The Linne’s Two-Toed Sloth (Choloepus didactylus) is a mammal. It is also known as the Southern Two-Toed Sloth or the Linnaeus’s Two-Toed Sloth. It is related to the Anteater. There are three-toed sloths (three toes on their front feet) and two-toed sloths (two toes on their front feet).
The Linne’s Two-Toed Sloth has light-brown fur, long limbs, and a protruding nose with large nostrils. It has patches of chestnut-coloured fur on its limbs (arms and legs) and crown. It has brown eyes. It has two toes on its front feet and three toes on its back feet. The toes are actually long curved claws. It does not have many teeth – it has four or five sets of teeth, including canine teeth. It does not have incisor teeth. It has a stubby tail.
It is larger than three-toed sloths. It measures 54-72 centimetres (21-28 inches) tall.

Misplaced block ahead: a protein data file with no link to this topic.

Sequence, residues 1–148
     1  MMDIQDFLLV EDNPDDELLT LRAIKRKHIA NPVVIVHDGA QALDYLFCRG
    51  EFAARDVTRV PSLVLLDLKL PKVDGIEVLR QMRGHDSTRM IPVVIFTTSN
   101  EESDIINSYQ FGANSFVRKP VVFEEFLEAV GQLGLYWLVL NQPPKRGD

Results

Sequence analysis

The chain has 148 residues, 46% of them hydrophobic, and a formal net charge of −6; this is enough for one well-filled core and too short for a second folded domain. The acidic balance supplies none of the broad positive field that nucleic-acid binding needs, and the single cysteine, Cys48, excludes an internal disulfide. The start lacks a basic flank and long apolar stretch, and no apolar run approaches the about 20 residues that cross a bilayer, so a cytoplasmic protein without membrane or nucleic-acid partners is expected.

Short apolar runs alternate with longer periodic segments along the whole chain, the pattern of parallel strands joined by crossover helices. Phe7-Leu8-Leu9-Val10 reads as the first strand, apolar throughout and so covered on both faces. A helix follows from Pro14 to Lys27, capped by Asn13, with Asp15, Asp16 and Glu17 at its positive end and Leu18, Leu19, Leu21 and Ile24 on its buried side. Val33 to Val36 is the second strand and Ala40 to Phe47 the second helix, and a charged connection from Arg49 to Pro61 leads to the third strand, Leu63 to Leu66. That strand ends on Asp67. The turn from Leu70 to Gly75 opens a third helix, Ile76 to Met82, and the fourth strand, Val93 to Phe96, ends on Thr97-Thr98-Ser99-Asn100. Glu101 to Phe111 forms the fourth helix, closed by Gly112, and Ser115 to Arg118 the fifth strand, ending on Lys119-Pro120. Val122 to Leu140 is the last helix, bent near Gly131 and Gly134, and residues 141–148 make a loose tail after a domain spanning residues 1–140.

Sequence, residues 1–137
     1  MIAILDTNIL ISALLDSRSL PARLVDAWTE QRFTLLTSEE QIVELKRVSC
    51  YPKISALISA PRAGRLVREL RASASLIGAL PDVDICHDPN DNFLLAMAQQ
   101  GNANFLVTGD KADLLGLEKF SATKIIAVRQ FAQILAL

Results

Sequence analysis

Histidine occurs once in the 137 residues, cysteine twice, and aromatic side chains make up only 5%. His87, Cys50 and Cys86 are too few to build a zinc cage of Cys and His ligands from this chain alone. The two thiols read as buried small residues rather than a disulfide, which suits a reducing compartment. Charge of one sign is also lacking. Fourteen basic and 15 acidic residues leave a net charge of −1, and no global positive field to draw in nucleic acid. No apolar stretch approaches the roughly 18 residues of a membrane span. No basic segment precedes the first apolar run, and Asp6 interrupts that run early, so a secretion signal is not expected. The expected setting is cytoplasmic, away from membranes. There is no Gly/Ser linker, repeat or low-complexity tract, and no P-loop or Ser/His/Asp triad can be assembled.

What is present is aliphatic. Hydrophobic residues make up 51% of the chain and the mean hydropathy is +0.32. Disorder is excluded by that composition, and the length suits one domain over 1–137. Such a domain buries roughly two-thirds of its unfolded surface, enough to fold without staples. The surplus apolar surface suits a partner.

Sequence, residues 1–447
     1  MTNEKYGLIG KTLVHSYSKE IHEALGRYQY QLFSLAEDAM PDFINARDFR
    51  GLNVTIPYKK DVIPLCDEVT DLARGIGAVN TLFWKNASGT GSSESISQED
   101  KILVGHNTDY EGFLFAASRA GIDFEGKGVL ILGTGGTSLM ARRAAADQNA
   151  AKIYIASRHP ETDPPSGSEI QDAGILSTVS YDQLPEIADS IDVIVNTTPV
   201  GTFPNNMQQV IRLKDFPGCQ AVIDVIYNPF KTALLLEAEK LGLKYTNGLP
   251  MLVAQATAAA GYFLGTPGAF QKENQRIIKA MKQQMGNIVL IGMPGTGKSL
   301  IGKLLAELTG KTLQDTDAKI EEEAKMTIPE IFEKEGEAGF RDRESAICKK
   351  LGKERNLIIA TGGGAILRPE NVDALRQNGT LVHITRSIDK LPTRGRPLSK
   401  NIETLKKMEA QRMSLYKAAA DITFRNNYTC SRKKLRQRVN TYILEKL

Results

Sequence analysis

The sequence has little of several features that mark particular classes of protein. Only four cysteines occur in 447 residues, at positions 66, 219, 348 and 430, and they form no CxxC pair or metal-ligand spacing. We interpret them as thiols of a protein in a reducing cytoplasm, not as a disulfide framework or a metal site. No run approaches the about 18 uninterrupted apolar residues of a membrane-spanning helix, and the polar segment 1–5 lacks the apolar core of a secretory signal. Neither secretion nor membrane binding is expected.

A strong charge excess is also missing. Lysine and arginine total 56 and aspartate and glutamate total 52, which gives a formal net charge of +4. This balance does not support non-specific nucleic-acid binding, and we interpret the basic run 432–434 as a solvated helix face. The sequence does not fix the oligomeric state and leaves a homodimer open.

The Linne’s Two-Toed Sloth is native to South America, in the countries of Venezuela, the Guyanas, Colombia, Ecuador, Peru, Brazil, and north of the Amazon River. It prefers tropical rainforests.
It is arboreal, so it prefers to live in trees, and not on the ground. It only comes to the ground when it is changing trees or when it goes to the toilet. When it is on the ground and sees a predator, such as an ocelot or jaguar, it often runs backwards. Other predators include eagles and snakes, such as the anaconda.
It can swim, but it doesn’t swim often. It usually only swims when it is crossing a river.
It is nocturnal, mainly active at night. It eats mainly leaves.
The Linne’s Two-Toed Sloth is a solitary animal.
The female Linne’s Two-Toed Sloth is pregnant for 10 months before giving birth to one live young. The baby becomes independent after about 12 months.
Photographer: Martina Nicolls
Martina Nicolls: SIMILAR BUT DIFFERENT IN THE ANIMAL KINGDOM